Never let it be said he isn’t right on USC-UCLA game

The wife likes to say, “You think you’re always right.”

I’m not surprised she would state the obvious, although I’ve detected almost a derogatory ring to her voice at times.

Now I would guess most people think they are right when they speak, with maybe the exception of Plaschke, who is always wrong and must know it by now.

The burden that comes with always being right, of course, is the frustration of hearing from those who get it wrong and don’t understand I’m always right.

You take the UCLA-USC game, and the Page 2 fact that Pete Carroll displayed poor sportsmanship near the end of the game, which led to his players taunting UCLA and showing no class.


Amazingly enough in checking The Times sports online poll at 12:30 Monday afternoon, there were still 49% of the 15,112 voting who thought Rick Neuheisel asked for it when he called a timeout in the final minute with his team trailing, 21-7, and USC taking a knee to run out the clock.

That’s 7,341 voters who are wrong, and although ordinarily one would think it’s just Plaschke sitting there voting over and over, I’m told our system doesn’t allow Plaschke to vote more than once.

That probably also prohibits anyone from voting more than once.

I sometimes wonder, though, what it’s like to be wrong. A few years ago I predicted UCLA would beat USC just to see what it might feel like to be wrong and UCLA won, 13-9. I’m just never wrong.

I’ve asked the wife many times what it’s like to be wrong and have never really gotten a satisfactory answer, even when she’s agreed to start talking to me again.

This one was so easy too. Carroll’s team had a 14-point lead, the ball, and while knowing UCLA still had three timeouts left, Carroll knew the game was over.

He knew if UCLA used those timeouts, it was still just a formality before the game was over, or he would have never allowed his quarterback to kneel.

It’s irrelevant what Neuheisel did.

Some people say Carroll was being gracious in having his quarterback take a knee, but in doing so he was putting Neuheisel in position again where he couldn’t win.

If Neuheisel lets the clock run out, it’s his problem dealing with UCLA supporters who would want to know why he gave up, leaving three timeouts unused and his own players questioning why you don’t play hard to the very end.

If Neuheisel called a timeout, as some people have suggested, it was license for Carroll to embarrass UCLA.

As a man of principle, Carroll being a good sport and having his quarterback kneel with less than a minute to play, why not remain a man of principle knowing three timeouts were not going to change the outcome?

If anything, it was a shaky football decision made by Carroll, an incomplete pass as good as another timeout for UCLA. Most classy coaches probably call a running play if they are going to do anything other than kneel.

The best thing that can be said about Carroll after showing such poor sportsmanship -- he didn’t go for two points after USC scored.

His players, though, taking the lead of their leader, began acting as poor winners -- jumping up and down on the sideline and moving onto the field to taunt UCLA.

USC President Steven Sample was honored on the field between quarters, and how proud he must have been of his school’s attempt to belittle UCLA. Isn’t it supposed to be student-athletes competing for a pair of institutions of higher learning?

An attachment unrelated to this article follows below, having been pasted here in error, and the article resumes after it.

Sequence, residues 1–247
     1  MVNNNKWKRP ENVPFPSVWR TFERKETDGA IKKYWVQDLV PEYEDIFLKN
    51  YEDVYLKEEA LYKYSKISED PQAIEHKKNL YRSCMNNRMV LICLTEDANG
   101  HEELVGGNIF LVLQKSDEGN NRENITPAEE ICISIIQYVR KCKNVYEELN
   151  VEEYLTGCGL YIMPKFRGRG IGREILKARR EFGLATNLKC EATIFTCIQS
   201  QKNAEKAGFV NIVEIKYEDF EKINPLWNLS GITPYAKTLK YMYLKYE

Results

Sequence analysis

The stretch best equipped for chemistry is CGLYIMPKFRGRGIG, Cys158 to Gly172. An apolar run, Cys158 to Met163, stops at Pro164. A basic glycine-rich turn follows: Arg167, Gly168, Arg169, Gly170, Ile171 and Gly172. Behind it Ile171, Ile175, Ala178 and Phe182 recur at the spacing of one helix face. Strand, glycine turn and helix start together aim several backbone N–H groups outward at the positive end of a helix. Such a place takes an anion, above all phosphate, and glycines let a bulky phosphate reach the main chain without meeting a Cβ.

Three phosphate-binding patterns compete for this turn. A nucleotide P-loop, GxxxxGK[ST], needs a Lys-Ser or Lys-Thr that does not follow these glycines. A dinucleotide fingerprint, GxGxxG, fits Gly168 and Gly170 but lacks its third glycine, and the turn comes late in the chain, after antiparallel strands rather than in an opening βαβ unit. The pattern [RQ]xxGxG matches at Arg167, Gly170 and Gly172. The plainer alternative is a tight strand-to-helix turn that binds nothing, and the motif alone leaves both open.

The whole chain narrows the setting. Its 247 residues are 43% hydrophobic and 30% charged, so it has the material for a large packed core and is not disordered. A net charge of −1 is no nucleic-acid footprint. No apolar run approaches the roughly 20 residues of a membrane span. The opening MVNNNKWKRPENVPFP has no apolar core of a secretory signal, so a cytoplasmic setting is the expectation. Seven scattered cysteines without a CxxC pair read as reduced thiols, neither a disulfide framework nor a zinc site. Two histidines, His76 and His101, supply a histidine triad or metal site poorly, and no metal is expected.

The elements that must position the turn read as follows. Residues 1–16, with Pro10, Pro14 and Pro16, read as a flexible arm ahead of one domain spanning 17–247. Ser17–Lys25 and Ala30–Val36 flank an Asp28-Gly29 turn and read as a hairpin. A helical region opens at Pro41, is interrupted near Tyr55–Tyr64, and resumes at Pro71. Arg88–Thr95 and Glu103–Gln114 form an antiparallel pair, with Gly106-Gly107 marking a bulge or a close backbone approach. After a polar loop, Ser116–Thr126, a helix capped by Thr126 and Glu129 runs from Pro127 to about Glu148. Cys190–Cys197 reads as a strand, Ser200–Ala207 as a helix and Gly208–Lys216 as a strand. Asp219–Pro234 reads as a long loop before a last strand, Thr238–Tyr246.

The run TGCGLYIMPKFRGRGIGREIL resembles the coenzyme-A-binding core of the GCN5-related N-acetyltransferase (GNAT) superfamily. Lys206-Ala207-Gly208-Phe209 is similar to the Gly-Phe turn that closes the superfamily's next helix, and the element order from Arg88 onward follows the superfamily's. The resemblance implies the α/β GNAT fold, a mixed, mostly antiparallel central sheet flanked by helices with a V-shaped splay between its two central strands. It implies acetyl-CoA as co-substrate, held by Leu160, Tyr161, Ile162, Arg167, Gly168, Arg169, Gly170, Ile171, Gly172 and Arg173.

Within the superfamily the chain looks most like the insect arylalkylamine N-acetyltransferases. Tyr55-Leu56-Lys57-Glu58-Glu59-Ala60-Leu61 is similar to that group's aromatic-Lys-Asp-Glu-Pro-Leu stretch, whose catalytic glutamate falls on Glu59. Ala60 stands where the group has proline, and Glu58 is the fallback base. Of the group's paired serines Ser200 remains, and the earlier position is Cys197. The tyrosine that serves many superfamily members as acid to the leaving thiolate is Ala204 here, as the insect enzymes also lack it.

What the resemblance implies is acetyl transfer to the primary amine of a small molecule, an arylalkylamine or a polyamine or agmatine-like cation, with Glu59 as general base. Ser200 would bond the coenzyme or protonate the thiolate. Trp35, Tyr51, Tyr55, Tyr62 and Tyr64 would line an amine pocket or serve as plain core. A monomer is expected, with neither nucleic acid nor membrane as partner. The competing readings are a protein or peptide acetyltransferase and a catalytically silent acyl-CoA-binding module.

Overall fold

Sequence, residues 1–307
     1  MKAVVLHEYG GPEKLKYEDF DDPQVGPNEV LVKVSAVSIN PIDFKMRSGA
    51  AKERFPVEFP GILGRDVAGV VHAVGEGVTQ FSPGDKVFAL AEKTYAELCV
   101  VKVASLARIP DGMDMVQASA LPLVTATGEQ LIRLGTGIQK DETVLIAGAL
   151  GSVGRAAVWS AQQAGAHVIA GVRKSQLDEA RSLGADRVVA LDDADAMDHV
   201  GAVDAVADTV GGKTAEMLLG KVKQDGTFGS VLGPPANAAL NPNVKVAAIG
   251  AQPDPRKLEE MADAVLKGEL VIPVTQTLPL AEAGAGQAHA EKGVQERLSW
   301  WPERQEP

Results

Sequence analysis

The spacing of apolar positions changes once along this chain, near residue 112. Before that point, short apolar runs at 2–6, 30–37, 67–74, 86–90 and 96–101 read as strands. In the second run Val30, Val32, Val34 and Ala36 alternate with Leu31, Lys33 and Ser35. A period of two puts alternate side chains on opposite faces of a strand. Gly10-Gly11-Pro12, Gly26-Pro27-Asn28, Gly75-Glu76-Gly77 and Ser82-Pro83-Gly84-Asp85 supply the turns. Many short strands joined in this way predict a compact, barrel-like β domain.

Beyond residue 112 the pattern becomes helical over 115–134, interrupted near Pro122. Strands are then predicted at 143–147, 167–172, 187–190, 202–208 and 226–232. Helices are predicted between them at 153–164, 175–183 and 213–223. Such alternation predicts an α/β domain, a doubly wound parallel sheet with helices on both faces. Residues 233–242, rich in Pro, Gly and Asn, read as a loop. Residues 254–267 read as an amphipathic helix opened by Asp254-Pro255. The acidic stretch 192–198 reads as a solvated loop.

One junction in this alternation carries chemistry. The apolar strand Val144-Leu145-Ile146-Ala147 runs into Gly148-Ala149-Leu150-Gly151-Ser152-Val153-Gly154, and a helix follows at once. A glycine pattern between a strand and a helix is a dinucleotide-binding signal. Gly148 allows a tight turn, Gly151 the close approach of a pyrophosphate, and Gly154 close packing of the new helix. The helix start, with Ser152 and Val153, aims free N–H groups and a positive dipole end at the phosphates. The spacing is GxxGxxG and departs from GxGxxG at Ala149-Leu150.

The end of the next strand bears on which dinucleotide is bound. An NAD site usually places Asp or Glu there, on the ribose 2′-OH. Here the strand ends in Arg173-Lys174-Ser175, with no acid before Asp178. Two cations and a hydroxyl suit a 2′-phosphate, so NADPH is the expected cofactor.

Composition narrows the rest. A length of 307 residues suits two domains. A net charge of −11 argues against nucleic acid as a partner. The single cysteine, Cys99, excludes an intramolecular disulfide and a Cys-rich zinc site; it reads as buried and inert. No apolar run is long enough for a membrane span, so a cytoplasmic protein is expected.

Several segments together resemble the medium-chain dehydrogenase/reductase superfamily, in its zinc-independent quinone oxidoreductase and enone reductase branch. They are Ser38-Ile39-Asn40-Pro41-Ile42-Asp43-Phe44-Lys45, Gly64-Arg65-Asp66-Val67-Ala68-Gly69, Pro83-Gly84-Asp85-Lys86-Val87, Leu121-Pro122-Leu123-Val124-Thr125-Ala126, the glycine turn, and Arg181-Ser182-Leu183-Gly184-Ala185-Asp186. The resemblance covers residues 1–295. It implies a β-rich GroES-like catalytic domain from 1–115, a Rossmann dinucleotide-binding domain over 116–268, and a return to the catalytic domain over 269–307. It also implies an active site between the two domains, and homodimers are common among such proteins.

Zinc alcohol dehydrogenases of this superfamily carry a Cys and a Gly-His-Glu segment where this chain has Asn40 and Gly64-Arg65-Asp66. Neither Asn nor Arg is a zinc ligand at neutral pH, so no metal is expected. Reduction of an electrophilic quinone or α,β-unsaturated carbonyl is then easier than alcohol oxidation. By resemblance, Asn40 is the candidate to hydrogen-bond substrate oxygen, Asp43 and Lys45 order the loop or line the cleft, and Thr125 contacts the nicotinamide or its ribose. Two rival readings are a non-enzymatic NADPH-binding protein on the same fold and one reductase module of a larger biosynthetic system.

Plaschke, like so many of you, took the wrong view of the way the game ended, although you can’t really be too hard on Plaschke.

He was downright ticked off by Neuheisel’s decision to take a timeout because he was under deadline pressure, and although he just might be the best columnist writing on deadline in the country, even the best sometimes crack.

Had Neuheisel used all three timeouts, Plaschke might’ve missed deadline, which is obviously why he was so thrilled with Carroll’s decision to score and end the game.

He had already written a whole column, more than likely another award winner about a tuba player or drummer -- blind, deaf and with no arms or legs turned down by UCLA but now a Trojan with the tagline presumably, “Fight on.”

He had to rip that up, though, the game almost turning into a riot and right on deadline -- no time whatsoever for me to explain to Plaschke what to write because I was on deadline.

Plaschke called Neuheisel a “brat” in his column because Neuheisel was “unappreciative” when Carroll laid down the terms of UCLA’s surrender. Doesn’t Carroll come off more the brat after responding to Neuheisel’s timeout with a bomb?

Plaschke also has Neuheisel hitting Carroll with an olive branch, although I saw him only shake Carroll’s hand. Maybe it was just a small branch, well-concealed, and Neuheisel was poking him with his other hand.

You have to give Carroll credit for being classy, I guess, and not mentioning in his postgame news conference that he had been poked by Neuheisel.

Quarterback Matt Barkley, though, reminding everyone a freshman should be seen but never heard, said the Bruins “disrespected” the Trojans by calling a timeout. I hope he wasn’t just parroting something said by his coach in the locker room immediately after the game.

If anything, Neuheisel displayed respect for the game, asking his players, who knew they had already lost, to give their all until the very end.

Carroll and USC supporters might try to make the same argument, but then why not do so on first down? The obvious answer: It would have looked as if USC were piling on.

Given the deadline situation, I don’t really find much fault with Plaschke getting it all wrong, but you people?

You had the benefit of going home, sleeping on it, reading Page 2 and sounding a whole lot smarter than some of you do.

I’ve even received a ton of e-mail suggesting I had it all wrong, as if that could ever happen.

As my two daughters would tell you, “Dad is never wrong -- just ask him.”